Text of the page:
The recent tragic accident, involving a private bus, where more than 22 people were killed with over-speeding / rash driving, reported as reasons, prompts me to write this piece. This also reminds me of the miraculous escape we had a few years ago, when the vehicle we were travelling in, met with a freak accident. Despite our repeated advice to slow down, the driver kept driving fast and when he swerved the car to overtake the vehicle ahead of us, he noticed another vehicle approach us from the opposite side. Instead of slowing down, he jumped on to the next lane without noticing the lorry already speeding down. The lorry almost bore down on us when the driver panicked and hit a 15-feet ditch. We emerged from the vehicle more or less unscathed, except for a few bruises, though the vehicle was totally damaged. The driver was given a dressing down and the owners were contacted immediately and taken to task.

Nowadays, it is a common sight especially on highways, to find most of the slow-moving traffic such as lorries and buses, driving on the fast lane forcing cars to overtake from the wrong side — the left. This could be very dangerous as the overtaking is on the blind side where two-wheelers and pedestrians cannot be seen. Besides, drivers, particularly of state transport corporations, keep changing lanes frequently, and this could result in vehicles ramming into each other.

Traffic offences and violations are increasing by the day and the statistics accounted throw up disquieting facts — the number of deaths due to accidents has gone up to 60,794 in 2010 as against 48,923 in 2000 and I am sure that the number of injured would be even higher. Though many reasons such as an increase in the number of vehicles on roads, the use of cell phones while driving, bad roads, use of outdated and poorly maintained vehicles, could be cited for this disconcerting regularity in road accidents, the main cause is apathy towards road safety among motorists and the lack of sufficient enforcement of traffic rules by the law enforcers.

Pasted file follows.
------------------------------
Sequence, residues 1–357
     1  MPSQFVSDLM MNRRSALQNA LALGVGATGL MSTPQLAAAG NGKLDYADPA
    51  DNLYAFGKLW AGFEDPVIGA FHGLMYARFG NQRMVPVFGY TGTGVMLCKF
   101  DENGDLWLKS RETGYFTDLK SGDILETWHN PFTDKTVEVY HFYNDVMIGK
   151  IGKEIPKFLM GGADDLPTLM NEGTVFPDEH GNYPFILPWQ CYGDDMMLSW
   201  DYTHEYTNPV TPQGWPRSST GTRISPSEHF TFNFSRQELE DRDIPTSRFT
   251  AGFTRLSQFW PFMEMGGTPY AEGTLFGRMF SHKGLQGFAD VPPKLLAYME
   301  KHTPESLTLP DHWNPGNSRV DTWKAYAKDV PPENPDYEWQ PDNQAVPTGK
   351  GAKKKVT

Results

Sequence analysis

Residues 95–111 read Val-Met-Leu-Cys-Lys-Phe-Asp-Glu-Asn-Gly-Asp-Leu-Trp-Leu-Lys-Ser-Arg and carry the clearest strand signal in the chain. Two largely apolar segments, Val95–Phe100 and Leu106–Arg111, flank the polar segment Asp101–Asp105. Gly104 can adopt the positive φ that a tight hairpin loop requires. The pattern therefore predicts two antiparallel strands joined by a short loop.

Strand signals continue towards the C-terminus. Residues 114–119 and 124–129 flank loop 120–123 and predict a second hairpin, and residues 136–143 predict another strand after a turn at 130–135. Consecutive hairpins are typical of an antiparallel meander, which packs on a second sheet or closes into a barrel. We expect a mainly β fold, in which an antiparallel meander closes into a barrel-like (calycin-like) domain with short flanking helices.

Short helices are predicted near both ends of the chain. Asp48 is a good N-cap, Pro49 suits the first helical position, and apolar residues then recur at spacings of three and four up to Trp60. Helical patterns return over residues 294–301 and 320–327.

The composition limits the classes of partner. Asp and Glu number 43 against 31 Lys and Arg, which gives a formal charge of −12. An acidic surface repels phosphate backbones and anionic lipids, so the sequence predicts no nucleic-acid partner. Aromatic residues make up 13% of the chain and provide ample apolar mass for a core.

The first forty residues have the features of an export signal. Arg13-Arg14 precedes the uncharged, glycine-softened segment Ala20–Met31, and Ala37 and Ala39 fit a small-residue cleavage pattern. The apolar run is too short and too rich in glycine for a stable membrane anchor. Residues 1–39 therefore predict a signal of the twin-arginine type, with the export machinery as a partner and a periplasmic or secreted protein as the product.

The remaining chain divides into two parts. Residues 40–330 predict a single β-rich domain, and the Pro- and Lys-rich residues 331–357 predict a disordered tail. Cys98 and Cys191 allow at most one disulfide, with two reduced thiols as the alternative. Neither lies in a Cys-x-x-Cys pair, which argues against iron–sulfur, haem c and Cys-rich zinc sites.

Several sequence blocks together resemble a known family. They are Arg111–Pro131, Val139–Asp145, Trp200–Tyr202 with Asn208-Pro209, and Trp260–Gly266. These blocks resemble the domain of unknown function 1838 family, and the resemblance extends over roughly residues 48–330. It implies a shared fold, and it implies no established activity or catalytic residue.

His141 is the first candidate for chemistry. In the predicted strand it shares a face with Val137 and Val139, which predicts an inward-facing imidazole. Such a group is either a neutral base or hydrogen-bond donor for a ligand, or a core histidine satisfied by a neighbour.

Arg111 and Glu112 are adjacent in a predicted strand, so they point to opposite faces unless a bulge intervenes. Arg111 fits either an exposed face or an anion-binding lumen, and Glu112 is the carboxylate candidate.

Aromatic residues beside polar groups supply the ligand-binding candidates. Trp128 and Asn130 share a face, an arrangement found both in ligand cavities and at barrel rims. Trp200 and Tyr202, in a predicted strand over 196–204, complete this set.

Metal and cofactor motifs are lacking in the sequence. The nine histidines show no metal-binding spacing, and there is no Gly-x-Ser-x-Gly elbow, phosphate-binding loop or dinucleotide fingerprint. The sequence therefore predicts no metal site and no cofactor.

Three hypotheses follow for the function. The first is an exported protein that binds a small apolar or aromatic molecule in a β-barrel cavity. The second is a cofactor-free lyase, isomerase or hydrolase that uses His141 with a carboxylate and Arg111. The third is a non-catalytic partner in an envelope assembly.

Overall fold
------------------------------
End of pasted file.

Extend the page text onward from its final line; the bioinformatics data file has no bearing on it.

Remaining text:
In order to improve the situation, it is very important for motorists to practise road discipline. They should realise that it is better to reach their destination a little late than never. Road users should also be educated on rules frequently. Orientation programmes on road safety should also be conducted for drivers by the department concerned.

Rules of the Road Regulation, brought into effect since 1989, is germane to Indian drivers, while on road, to ensure orderly traffic and a safe journey. Violation of these rules is a punishable offence as per the city specific traffic police rules and the Motor Vehicle Act. Thus, it is vital for the traffic police to do their duty diligently and levy fines promptly for traffic offences, as we have the system of on-the-spot traffic fines/imprisonment as punishment. More police personnel should be posted on highways and random inspections carried out to study various violations and wrongdoers must be penalised. Drivers should be warned of severe consequences for flouting rules.

As in some countries, where there is a system of issuing traffic points, the accumulation of which beyond a certain limit results in cancellation of the driving licence and permanent disqualification from driving, it is time our Government considered adopting something similar to bring repeated offenders to book.

(The writer works with CAG, which offers free advice on consumer complaints to its members. For membership details/queries contact 2491 4358/2446 0387 or helpdesk@cag.org.in)